(City Conversation #76 was first published 2-Sep-2022)
(For a list of City Conversations by Brian Palmquist on CityHallWatch, please visit this page.)
September 2nd 2022—2nd in a series about what the recently approved Vancouver Plan means for each of the city’s 23 existing neighbourhoods.
The Vancouver Plan view of Riley Park & South Cambie neighbourhoods—neighbourhood boundaries in red added by me
“What’s the dark area at the top and bottom of this diagram,” asked my son as he looked at the first of my neighbourhood Vancouver Plan analyses. “And why does a red border line run vertically on the centre left?”
“At a community level, these two neighbourhoods have a long history of collaboration. I made a presentation to them in April of this year and that’s the way they wanted to do it. So it seemed logical to look at them together.”
“So tell me a bit about that history,” he asked.
“In some ways they are very different. While Vancouver’s overall population has increased less than 5% in the past five years, South Cambie’s (left of the centre red line) has increased more than 20%, mainly because of the influence of all the development along the Cambie Corridor. Riley Park’s population has only increased a bit more than the overall city’s 5%.”
“So let’s come back to these smudgy colours—what do they mean?”
I focused on the plan. “The Vancouver Plan only identifies five different neighbourhood types. That’s not to be confused with an existing neighbourhood, of which Vancouver has 23.”
The Vancouver Plan’s Five Neighbourhood Types
I continued. “Four of these five neighbourhood types occur in Riley Park & South Cambie:
- A Municipal Town Centre (MTC) is at the bottom left—Oakridge, which the Plan describes on Page 40 as Low-rise, mid-rise and high-rise multi-unit buildings generally up to 25+ storeys. Minimum density: 60–200 Jobs + People/ hectare. Kinda sounds like Oakridge.
- A Rapid Transit Centre runs along Cambie from 16th Ave south to Queen Elizabeth Park—that’s the colour I don’t know the name of, centred around King Edward and Cambie. The Plan describes this as Low-rise, mid-rise and high-rise multi-unit buildings generally up to 12–18 storeys. 25+ storeys in strategic locations. Corridor: 35-80 Jobs + People/hectare Station Area: 60-350 Jobs + People/hectare.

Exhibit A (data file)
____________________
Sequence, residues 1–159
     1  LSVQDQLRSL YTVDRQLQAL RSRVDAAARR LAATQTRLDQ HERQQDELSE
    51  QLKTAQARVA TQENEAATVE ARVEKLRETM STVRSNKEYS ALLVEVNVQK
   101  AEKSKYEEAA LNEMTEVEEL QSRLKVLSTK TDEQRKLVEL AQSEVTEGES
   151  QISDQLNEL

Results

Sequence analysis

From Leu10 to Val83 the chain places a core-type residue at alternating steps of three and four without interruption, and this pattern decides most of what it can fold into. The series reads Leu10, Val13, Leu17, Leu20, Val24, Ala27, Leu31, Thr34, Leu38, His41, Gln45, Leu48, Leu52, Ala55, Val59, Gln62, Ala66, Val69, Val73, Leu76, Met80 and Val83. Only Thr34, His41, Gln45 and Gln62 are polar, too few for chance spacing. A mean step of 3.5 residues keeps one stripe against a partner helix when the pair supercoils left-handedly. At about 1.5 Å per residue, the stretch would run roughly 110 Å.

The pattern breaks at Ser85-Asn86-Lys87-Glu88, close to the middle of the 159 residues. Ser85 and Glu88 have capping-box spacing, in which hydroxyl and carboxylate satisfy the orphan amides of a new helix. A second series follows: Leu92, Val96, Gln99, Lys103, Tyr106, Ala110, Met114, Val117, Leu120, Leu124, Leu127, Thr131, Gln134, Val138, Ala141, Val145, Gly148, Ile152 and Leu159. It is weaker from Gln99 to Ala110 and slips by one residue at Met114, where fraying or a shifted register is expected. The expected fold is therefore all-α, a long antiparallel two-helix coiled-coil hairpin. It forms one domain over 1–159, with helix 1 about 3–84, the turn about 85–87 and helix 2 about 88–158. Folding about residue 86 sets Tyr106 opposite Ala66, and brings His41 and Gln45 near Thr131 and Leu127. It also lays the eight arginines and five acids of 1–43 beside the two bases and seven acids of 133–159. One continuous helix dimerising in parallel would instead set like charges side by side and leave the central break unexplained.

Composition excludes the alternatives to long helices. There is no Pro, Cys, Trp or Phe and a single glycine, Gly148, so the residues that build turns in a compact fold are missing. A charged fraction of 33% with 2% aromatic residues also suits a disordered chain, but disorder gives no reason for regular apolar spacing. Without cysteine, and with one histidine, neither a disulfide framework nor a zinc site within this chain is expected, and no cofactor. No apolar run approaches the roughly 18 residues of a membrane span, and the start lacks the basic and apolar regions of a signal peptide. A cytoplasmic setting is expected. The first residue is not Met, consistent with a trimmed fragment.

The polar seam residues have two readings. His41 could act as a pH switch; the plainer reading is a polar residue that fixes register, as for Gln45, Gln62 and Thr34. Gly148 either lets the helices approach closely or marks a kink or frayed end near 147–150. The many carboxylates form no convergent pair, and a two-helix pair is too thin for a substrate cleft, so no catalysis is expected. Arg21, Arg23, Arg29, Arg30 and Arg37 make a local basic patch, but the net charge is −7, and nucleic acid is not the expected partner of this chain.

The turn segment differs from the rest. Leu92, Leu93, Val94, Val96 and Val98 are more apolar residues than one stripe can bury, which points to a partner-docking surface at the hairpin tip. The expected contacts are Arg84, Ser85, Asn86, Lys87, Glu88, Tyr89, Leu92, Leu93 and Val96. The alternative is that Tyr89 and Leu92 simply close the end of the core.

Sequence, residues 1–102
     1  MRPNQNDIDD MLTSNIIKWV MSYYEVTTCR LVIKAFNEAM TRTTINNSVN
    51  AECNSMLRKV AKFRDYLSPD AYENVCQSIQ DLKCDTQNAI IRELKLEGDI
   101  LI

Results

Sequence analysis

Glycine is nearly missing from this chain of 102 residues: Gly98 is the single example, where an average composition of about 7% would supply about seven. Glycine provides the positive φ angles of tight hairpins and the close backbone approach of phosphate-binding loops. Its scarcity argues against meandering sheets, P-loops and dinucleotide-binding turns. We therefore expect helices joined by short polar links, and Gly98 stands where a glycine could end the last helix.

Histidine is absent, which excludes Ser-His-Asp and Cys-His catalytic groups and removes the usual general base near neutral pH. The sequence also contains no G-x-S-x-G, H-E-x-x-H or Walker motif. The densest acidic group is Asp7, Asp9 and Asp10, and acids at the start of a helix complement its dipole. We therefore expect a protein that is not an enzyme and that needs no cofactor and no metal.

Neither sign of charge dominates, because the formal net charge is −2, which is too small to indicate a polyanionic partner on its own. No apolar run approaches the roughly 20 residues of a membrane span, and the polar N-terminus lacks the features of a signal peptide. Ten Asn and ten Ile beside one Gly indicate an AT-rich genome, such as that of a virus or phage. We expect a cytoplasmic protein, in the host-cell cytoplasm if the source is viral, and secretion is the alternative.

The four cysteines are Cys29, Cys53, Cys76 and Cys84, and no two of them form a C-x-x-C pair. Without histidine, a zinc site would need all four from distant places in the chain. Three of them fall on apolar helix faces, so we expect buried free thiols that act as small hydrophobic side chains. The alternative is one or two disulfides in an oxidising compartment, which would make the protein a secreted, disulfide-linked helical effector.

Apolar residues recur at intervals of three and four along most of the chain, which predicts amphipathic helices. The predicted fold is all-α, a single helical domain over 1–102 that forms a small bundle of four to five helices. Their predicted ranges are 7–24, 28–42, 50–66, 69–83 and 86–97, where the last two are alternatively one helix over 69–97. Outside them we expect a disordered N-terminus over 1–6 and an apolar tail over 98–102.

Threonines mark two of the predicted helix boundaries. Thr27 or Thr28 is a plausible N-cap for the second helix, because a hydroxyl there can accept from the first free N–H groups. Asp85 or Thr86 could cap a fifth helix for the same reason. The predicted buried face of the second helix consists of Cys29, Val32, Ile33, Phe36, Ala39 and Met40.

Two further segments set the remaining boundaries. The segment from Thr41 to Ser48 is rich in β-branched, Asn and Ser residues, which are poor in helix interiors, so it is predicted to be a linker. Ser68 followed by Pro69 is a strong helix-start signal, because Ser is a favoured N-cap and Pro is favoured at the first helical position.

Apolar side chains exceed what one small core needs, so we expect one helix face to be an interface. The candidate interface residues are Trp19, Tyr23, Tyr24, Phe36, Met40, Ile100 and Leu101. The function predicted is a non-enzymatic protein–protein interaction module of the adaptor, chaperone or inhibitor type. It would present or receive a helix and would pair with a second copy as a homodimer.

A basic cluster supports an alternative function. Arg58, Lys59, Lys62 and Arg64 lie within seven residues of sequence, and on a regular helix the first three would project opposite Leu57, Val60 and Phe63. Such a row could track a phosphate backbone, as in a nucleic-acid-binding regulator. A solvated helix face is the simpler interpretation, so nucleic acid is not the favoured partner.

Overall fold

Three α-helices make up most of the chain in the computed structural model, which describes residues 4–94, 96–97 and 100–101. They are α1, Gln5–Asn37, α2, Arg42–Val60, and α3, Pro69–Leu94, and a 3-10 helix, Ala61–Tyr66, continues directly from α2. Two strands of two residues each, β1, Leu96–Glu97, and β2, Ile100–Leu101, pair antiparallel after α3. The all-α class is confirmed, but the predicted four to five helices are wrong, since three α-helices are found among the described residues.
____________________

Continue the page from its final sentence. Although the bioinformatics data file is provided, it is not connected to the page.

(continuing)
- Neighbourhood Centres run down Main Street from 16th Ave south to somewhere south of 33rd Ave. The Plan describes this as Low-rise and mid-rise multi-unit buildings generally up to 12 storeys. Minimum residential density: 40-60 People/ hectare.
- Right below the neighbourhood centre on Main is a village centred around 41st and Main, which the Plan describes as Low-rise multi-unit residential and mixed-use buildings generally up to 6 storeys. Minimum residential density: 40 People / hectare.
- Finally, there are a few left over light coloured bits called multiplex, which the Plan describes as “Primarily ground-oriented residential including single, duplex and multiplex dwellings. Up to 6 storeys for rental or social housing where the Secured Rental Policy (SRP) applies.”
“The names of these neighbourhood types seem unthreatening—what do they actually mean?” asked my son. “I’m familiar with Oakridge—what do the rest mean?”
“Let’s start with the least dense—multiplex areas.” He shrugged so I continued. “Multiplex is defined in the Plan as a new type of ground-oriented housing as a similar but more affordable and sustainable option to single-detached homes.“
“Sounds innocuous enough—what does it look like?” he asked, so I answered, pointing him to the Plan’s diagram:
Multiplex illustration from page 67 of the Vancouver Plan
“That’s a pretty wide range of housing types,” he commented after looking at the image for a few moments.